Sunday, June 9, 2013

Can I Practice for Me?

Yesterday, fifteen people took nearly four hours out of their weekend to attend the Introductory Afternoon -- practicing sitting and walking meditation, learning a bit of the history of Buddhism, chanting metta, talking about how to take the practices into everyday life.  And time and again the concern came up, Is it selfish to take time for myself like this?  Is it OK to direct lovingkingness to me?  

History is full of examples of the one calm person who made a difference -- Father Kolbe, Otto Schindler, Sujata, Mohandis Gandhi, Rosa Parks, Captain "Sully" Sullenberger, Aung San Suu Kyi, the 4th person (the monk) whom Prince Shakyamuni observed walking placidly amid sickness, old age and death.  It's not so much that these people heroically saved lives (some of them did), but that they gave courage to others to live, or to face death with equanimity, knowing they were not alone.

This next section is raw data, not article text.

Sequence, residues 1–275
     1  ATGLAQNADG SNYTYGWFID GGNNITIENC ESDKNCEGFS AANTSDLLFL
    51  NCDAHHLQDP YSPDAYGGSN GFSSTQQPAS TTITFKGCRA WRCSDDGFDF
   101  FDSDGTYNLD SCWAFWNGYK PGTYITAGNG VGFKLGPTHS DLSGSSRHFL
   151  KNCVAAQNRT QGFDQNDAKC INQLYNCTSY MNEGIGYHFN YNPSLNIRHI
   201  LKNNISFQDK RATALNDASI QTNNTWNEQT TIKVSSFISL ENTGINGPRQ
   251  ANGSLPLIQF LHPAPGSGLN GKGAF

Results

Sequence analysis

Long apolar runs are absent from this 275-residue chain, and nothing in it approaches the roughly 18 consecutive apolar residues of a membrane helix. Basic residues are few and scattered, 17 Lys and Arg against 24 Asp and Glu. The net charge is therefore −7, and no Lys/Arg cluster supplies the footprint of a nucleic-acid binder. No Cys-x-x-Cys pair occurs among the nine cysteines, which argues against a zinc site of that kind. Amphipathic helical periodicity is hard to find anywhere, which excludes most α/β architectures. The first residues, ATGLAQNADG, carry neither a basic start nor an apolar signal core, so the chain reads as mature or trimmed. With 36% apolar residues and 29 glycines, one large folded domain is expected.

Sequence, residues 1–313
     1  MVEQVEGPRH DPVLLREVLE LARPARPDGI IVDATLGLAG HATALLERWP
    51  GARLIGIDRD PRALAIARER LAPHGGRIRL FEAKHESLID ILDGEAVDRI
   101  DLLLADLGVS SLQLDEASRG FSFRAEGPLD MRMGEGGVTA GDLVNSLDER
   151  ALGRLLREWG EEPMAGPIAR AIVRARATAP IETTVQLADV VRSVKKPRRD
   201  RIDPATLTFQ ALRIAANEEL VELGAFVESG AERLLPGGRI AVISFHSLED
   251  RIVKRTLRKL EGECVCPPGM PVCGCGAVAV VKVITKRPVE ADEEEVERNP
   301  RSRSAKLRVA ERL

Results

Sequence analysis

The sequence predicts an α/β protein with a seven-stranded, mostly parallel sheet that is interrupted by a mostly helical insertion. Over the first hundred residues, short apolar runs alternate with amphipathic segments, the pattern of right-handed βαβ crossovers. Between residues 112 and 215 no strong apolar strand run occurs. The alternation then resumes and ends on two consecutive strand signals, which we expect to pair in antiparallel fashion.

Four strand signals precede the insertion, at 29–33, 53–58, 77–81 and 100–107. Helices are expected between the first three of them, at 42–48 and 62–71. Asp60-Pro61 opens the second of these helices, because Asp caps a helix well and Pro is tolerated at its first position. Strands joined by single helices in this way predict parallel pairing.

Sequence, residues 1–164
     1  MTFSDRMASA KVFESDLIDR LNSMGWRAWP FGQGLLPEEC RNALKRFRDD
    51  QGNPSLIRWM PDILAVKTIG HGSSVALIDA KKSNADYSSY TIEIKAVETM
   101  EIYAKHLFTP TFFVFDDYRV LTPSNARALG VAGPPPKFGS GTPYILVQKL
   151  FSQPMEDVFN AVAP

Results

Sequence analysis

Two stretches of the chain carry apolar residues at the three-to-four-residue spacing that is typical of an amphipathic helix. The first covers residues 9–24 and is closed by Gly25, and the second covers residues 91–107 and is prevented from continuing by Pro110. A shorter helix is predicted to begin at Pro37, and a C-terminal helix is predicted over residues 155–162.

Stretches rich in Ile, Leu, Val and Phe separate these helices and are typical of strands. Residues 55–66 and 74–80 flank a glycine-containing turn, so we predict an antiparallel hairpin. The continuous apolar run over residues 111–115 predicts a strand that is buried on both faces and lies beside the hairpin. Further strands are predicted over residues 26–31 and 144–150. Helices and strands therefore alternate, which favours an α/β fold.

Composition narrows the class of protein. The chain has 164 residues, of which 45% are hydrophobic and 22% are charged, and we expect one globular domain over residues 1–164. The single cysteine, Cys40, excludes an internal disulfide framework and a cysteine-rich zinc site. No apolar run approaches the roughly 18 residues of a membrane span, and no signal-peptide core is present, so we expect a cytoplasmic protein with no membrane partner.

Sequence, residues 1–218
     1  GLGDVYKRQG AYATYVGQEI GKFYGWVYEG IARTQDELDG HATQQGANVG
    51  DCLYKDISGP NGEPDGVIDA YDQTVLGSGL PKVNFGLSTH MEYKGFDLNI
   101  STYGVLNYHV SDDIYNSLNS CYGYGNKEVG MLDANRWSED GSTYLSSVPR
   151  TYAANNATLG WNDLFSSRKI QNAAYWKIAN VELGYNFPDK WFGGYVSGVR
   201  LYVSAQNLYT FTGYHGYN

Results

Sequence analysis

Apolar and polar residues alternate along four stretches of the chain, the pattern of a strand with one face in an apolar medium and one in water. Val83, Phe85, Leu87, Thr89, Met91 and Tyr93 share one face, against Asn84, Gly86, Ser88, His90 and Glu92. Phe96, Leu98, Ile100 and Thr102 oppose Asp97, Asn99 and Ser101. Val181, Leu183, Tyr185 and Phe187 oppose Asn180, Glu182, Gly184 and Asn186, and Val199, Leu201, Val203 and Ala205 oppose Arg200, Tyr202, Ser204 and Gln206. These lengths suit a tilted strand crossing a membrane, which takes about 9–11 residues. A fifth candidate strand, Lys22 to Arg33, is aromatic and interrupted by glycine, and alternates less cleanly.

We practice for all beings, yet we often forget that we are one of those, too.  Endless giving outward breeds resentment inward, and taints the giving.  There's a persistent, tenacious, covert belief that I am not metta-worthy, that I really don't deserve happiness and tranquility.

Get over it.  Deserving, worthiness has nothing to do with it.  We don't have happiness and tranquility, we are them.  We just forget that sometimes.  The purpose of zazen isn't to develop or get anything.  The purpose of zazen is to give us a chance to remember what we are in the first place, to come home to our true heart, and to see therein our original kind face.

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